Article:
Monday, March 21, 2016

Experimenting some more with map layers

One of the new nice features of Maps 3.20 is the ability of loading map layers in GeoJSON, KML, and GPX formats.
As I wrote about earlier, I have been experimenting with transit routing support. For that I have been using OpenTripPlanner, which has a notion of ”routers” (or “graphs“ as it could also be refered too) being discrete graphs consisting of nodes and connecting paths (such as transit routes) making up separate transit networks.
I thought it might be useful to get a visual picture of the sample data, so I got the idea of building a little tool that pulls the router information from a running OTP instance and generates a GeoJSON representation.

The code can be found here:

This script, which by the way is my second case of using GJS as a scripting language, is rather simple and just takes as the one and only argument a URL to a running OTP instance (i.e. http://localhost:8080/otp when running a local server on your machine) and writes the output on stdout.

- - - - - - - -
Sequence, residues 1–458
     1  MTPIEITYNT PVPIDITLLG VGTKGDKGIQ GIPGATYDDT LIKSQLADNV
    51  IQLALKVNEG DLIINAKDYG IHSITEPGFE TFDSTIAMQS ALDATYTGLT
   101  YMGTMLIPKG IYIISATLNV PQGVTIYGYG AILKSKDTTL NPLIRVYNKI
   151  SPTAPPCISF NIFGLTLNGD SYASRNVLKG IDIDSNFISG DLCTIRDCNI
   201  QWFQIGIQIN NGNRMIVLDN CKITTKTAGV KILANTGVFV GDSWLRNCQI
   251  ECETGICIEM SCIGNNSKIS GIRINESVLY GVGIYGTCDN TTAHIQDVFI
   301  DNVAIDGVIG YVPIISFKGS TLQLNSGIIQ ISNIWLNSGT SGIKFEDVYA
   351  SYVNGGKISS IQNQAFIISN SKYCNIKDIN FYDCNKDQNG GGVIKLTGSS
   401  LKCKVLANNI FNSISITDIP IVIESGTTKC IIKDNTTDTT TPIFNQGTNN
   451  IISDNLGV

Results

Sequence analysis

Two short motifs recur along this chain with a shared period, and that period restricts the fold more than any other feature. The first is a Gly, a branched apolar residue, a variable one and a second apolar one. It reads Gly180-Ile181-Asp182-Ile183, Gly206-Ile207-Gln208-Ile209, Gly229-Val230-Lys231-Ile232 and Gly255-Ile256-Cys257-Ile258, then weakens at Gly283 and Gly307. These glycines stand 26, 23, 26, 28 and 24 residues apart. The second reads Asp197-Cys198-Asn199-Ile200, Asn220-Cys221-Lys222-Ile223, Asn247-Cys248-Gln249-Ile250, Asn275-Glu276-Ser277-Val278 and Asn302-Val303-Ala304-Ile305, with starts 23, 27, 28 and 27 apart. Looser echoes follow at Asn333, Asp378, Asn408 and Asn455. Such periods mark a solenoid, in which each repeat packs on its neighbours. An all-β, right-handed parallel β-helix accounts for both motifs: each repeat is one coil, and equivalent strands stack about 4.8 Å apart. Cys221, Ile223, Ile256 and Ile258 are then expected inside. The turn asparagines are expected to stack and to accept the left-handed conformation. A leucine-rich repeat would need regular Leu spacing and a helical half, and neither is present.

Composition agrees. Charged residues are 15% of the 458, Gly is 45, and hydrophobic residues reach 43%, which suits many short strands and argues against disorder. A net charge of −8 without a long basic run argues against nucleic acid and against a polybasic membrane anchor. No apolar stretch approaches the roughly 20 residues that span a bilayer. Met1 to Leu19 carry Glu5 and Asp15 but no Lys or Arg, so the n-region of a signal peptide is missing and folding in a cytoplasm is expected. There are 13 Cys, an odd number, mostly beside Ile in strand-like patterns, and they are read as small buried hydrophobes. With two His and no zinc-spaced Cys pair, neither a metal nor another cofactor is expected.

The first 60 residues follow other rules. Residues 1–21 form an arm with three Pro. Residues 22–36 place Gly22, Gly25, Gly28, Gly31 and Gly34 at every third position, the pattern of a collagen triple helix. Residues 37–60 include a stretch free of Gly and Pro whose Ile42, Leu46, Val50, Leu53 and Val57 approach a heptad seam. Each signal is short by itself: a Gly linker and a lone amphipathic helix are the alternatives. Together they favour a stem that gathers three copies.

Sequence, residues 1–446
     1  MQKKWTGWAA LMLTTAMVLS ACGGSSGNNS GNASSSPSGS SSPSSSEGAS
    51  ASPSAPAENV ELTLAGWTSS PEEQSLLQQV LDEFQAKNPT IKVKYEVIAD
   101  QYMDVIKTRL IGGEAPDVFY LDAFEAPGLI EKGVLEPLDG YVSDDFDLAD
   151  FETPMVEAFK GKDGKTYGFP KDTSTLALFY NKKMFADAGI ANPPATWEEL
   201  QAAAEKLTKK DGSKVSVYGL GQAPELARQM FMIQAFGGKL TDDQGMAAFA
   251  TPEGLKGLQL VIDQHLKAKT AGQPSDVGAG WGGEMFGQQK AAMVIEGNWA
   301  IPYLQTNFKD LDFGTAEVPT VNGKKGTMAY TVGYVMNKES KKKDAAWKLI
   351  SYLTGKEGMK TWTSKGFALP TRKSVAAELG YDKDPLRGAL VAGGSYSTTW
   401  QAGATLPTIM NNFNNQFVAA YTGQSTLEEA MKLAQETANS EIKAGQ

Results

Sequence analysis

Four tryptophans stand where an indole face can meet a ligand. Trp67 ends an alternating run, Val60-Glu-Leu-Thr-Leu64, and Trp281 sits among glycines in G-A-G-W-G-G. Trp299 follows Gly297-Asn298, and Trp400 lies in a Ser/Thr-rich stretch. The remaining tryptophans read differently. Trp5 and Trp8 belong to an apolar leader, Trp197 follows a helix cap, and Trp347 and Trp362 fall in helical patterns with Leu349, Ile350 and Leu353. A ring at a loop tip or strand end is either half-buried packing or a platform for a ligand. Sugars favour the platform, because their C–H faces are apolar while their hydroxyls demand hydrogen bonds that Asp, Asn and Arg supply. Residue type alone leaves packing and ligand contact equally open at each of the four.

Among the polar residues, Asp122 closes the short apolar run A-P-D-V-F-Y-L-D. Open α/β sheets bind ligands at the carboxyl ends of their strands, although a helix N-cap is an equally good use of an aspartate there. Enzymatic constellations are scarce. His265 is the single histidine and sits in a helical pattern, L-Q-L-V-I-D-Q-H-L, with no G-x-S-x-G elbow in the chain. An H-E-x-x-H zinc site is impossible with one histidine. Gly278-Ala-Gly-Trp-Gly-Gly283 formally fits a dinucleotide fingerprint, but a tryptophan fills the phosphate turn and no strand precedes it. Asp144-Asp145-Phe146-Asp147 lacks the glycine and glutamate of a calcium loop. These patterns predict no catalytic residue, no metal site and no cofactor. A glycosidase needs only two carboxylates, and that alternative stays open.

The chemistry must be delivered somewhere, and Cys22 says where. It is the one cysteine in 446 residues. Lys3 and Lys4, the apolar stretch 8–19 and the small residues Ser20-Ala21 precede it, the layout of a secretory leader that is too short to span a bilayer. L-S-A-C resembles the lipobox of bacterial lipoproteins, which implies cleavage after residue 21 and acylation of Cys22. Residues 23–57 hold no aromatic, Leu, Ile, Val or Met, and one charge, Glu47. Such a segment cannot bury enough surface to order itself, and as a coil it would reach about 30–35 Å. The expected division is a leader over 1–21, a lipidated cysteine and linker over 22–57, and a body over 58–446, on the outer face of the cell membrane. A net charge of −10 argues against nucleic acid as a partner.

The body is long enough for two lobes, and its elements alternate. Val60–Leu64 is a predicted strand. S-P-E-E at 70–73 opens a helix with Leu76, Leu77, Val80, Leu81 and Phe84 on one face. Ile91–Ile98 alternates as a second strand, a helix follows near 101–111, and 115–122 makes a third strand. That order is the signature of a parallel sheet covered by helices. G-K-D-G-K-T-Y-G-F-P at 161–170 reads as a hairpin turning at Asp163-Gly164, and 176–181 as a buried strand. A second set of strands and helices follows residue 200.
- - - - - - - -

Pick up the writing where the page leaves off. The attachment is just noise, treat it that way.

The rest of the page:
The script will skip any case where the graph's bounding polygon only consists of two points (not sure if that really would happen in reality).

Loading a generated layer into Maps can result in something like this:

The big diamond-shaped graph is probably the result of some malformed data, as that stems from the national transit feed from Estonia.

I hope you find this useful! :-)

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